You know, it’s hard choosing where to begin when it comes to breaking down a Fareed Zakaria article. His usual argument for explaining the lack of democracy in the Middle East falls along the lines of “culture” and “religion.” Sometimes a combination of the two. His arguments have become quite predictable, yet the sheer amusement I get from watching him work his way through his warrant is unmatched.
Read below as he seeks to explain the authoritarian nature of the region by referencing the geopolitics of the Middle East from the 7th century. (Ignore the fact that he unironically cites Montesquieu and Bernard Lewis):
As it happens, a Harvard economics professor, Eric Chaney, recently presented a rigorous paper that helps unravel that knot. Chaney asks why there is a “democracy deficit” in the Arab world and systematically tests various hypotheses against the data. He notes that such majority-Muslim nations as Turkey, Indonesia, Albania, Bangladesh and Malaysia have functioning democratic systems, so the mere presence of Islam or Islamic culture cannot be to blame. He looks at oil-rich states and finds that some with vast energy reserves lack democracy (Saudi Arabia), but so do some without (Syria). He asks whether Arab culture is the culprit, but this does not provide much clarity. Chaney points out that many countries in the Arab neighborhood seem to share in the democracy deficit—Chad, Iran, Azerbaijan, Tajikistan, Uzbekistan—yet they are not Arab.
Then Chaney constructs a persuasive hypothesis based in ancient history—and modern economics. He notes that the democracy deficit today exists in lands that were conquered by Arab armies after the death in A.D. 632 of the Prophet Muhammad. Lands that the Arabs controlled in the 12th century remain economically stunted today. This correlation is not simply a coincidence. Scholars from Montesquieu to Bernard Lewis suggest that there was something in the political development of the Arab imperial system that seemed to poison the ground against economic pluralism. Arab imperial control tended to mean centralized political authority, weak civil society, a dependent merchant class and a large role for the state in the economy. Chaney documents the latter, showing that the government’s share of GDP is 7% higher on average in countries that were conquered by Arab armies than in those that were not. He also finds that countries in the first group have fewer trade unions and less access to credit, features of a vibrant civil society.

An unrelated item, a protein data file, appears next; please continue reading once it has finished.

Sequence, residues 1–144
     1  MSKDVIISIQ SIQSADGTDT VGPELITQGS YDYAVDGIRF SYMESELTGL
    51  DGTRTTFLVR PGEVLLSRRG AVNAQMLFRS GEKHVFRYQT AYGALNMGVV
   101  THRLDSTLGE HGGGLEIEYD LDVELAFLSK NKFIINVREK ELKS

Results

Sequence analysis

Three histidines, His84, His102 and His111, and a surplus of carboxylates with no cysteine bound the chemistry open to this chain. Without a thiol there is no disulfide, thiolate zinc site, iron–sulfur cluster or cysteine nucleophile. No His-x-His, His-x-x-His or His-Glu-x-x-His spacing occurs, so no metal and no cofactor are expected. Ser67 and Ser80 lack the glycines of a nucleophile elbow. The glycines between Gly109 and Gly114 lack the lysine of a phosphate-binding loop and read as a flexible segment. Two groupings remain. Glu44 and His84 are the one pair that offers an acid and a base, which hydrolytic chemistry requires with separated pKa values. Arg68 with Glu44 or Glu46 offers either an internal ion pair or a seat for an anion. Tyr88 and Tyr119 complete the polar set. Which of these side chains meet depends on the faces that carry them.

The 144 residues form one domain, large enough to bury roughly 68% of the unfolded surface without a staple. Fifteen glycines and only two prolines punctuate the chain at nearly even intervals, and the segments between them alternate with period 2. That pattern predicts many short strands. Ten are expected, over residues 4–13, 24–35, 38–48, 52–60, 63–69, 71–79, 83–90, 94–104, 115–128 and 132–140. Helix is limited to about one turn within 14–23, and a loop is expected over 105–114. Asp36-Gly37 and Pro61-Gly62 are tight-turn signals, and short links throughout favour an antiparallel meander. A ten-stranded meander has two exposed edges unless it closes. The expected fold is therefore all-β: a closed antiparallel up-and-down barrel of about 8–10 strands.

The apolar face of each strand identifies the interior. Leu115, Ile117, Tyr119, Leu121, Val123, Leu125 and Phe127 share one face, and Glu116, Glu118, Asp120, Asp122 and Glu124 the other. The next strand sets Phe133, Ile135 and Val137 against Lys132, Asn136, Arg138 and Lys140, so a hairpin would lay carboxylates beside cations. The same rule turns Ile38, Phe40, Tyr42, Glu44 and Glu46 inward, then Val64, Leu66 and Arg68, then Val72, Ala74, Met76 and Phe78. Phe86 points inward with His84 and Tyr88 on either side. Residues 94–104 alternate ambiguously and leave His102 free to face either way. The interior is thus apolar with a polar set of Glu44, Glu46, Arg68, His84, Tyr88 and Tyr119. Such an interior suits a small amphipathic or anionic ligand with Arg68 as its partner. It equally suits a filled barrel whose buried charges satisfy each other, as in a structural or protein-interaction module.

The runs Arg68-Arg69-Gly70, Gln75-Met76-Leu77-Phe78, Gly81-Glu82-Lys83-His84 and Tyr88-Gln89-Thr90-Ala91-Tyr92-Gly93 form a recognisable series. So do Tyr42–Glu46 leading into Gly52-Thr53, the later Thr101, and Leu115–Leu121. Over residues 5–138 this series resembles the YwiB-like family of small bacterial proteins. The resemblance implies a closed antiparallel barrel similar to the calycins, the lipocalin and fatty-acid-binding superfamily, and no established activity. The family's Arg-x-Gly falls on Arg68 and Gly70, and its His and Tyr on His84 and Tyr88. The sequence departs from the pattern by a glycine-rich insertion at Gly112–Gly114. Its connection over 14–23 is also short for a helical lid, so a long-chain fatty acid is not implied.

Fareed, really though? How do you jump from the 600s to the 12th century in one sentence without mentioning ANYTHING that happened in between!
But I like this: “Arab imperial control tended to mean centralized political authority.” How do you explain the extension of the Umayyad dynasty in the Iberian Peninsula during the dominance of the Abbasid’s in Iraq and Persia, then the later emergence of the Mamluks in Egypt and the Levant, eventually expanding into the Hijaz? And how do you plan to factor in the historical evidence that suggests many tribes, especially throughout North Africa, remained largely autonomous until European colonialism?
It’s okay, Fareed. Your commentary is cute. Enjoy applying the conditions of 12th century Arabia to the Gulf today. I’ll sit and watch. Because there was this one tiny thing that was not discovered during the 12th century and it kinda changed things: petroleum.